This article cross-posted from The Nation
What's happening with ALEC is good. But not good enough.
Pressured by a coalition of civil rights, clean government and religious
groups to quit their memberships in the American Legislative Exchange
Council, multinational corporations are indeed exiting ALEC. Now, it's time to demand that the 2,000 legislators who have joined ALEC do the same.
Coca-Cola quit ALEC Wednesday. PepsiCo revealed the same day that it had
quietly decided to let its membership lapse. Intuit Inc. confirmed that
it is exiting ALEC. And Kraft Foods has announced that: "Our membership
in ALEC expires this spring and for a number of reasons, including
limited resources, we have made the decision not to renew."
Translation: Kraft -- like other corporations that produce consumer
products and, thus, must appeal to the great mass of Americans -- no longer
wants to be associated with a shadowy group that links corporations and
legislators in order to advance extreme (and extremely unpopular)
Since the Center for Media and Democracy's "ALEC Exposed" project was developed last summer in cooperation with The Nation,
millions of Americans have become aware that ALEC uses corporate money
to craft one-size-fits-all "model legislation" that its member
legislators then propose and pass in the states.
The "ALEC Exposed" project revealed the back story of how this 40-year-old group uses an elaborate system of corporate-guided "task forces" to promote:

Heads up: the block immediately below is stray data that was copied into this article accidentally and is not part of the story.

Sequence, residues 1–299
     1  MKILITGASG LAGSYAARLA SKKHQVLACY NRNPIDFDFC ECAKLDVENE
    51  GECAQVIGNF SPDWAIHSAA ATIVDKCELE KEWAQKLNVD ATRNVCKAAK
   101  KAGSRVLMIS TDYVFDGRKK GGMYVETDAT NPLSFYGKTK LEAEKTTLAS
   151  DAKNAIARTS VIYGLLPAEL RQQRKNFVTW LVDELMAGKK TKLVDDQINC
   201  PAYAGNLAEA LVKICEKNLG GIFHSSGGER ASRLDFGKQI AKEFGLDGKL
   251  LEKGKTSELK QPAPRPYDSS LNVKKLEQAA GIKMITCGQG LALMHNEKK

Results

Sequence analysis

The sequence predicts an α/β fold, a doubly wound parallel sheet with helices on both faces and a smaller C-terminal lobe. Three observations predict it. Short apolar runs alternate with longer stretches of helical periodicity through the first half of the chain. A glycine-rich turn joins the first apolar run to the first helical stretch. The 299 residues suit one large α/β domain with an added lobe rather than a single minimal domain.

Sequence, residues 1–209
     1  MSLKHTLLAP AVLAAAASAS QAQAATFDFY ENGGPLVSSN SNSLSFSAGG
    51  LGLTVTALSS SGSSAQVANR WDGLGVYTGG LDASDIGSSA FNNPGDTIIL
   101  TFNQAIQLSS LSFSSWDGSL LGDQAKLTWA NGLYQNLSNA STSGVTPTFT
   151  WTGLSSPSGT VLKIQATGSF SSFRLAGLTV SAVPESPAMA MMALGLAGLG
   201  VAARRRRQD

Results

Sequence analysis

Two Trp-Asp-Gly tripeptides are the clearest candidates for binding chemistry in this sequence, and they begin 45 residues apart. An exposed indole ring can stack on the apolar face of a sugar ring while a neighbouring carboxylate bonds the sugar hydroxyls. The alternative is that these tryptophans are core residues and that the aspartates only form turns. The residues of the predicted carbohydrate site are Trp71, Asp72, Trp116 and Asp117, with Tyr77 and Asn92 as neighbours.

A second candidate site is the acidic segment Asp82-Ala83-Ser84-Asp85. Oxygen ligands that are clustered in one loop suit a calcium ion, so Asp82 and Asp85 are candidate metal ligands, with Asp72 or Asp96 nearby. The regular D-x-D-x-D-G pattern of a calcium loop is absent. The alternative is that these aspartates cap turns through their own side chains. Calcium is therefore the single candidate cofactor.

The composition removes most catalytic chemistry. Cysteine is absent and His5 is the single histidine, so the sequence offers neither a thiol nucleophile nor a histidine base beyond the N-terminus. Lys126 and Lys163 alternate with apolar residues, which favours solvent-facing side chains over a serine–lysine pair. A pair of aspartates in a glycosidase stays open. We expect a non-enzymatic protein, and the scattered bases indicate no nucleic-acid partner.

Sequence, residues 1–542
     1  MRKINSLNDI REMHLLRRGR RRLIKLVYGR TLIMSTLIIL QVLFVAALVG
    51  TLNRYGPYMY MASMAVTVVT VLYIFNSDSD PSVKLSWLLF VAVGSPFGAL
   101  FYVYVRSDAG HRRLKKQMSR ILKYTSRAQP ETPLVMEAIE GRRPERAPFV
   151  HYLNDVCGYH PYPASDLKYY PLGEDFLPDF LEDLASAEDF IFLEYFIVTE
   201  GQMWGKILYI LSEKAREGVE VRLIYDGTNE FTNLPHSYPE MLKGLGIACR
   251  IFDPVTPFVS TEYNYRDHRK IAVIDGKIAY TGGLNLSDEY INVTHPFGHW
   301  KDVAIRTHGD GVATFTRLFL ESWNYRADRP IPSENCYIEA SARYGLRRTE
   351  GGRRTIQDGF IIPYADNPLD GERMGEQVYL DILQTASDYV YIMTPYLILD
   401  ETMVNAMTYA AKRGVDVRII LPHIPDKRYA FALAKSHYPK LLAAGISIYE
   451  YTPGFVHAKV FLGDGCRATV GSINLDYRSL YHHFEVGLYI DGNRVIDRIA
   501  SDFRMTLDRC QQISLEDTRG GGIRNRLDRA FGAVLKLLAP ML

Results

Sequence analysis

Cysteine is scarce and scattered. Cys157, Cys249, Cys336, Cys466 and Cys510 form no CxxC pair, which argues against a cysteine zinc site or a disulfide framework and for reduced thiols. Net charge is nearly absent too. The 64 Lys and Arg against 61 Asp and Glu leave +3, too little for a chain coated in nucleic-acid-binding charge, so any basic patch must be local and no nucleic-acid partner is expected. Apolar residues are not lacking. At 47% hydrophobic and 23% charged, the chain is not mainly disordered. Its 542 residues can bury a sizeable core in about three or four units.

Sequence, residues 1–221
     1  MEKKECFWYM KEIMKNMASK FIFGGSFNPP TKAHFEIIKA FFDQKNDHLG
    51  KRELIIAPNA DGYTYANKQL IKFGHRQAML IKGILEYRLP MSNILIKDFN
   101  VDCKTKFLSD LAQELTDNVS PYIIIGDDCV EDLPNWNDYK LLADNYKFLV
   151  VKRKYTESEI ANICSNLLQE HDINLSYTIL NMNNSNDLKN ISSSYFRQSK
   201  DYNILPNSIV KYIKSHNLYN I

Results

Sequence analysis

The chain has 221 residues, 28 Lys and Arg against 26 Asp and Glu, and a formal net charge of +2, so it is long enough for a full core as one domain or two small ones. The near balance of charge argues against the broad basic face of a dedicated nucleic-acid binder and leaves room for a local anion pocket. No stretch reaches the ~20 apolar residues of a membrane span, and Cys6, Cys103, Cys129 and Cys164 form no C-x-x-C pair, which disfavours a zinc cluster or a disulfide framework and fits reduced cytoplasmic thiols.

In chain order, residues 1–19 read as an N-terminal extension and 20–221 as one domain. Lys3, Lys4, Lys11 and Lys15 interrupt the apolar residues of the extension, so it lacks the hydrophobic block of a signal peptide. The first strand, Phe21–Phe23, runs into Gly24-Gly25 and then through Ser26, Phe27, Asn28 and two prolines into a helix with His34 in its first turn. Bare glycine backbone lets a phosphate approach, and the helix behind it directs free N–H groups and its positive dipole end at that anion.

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* Restrictive voter ID laws and
an array of related initiatives that threaten to suppress voting by
residents of rural regions, students, senior citizens and people of
* Anti-labor laws
designed to limit the ability of Americans to organize and have a voice
in their workplaces and the public life of their communities, states
* Tort "reform," deregulation and corporate tax-slashing schemes that eliminate tools to assure multinational corporations act responsibly and contribute to the communities and states where they operate.
* Money-in-politics initiatives
that seek to remove barriers to domination of elections by corporations
and billionaire right-wing donors--such as longtime ALEC supporters
Charles and David Koch.
* Privatization schemes that undermine public education
and public services, posing particular threats to rural communities and
urban neighborhoods that rely on strong public institutions.
* Kill-at-will laws that prevent police and prosecutors from effectively investigating shootings such as that of Trayvon Martin in Florida, Bo Morrison in Wisconsin and others who have been killed since states began to enact
so-called "Castle Doctrine" and "Stand Your Ground" laws.
The response to revelations regarding the role ALEC has played in
warping the legislative processes of the states has been remarkable.
Civil rights groups such as the NAACP and the Urban League have focused
on concerns about the damage done with regard to voting rights issues,
unions have focused on concerns about attacks on labor rights and
threats to economic fairness, immigrant rights groups have raised
issues. And, following the Trayvon Martin shooting, ColorofChange began to challenge corporations to reconsider their association with ALEC.
Responsible corporations--or, at the very least, corporations that do not
want to lose market share in the face of consumer boycotts--are exiting ALEC.
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John Nichols, a pioneering political blogger, has written the Online Beat since 1999. His posts have been circulated internationally, quoted in numerous books and mentioned in debates on the floor of Congress.
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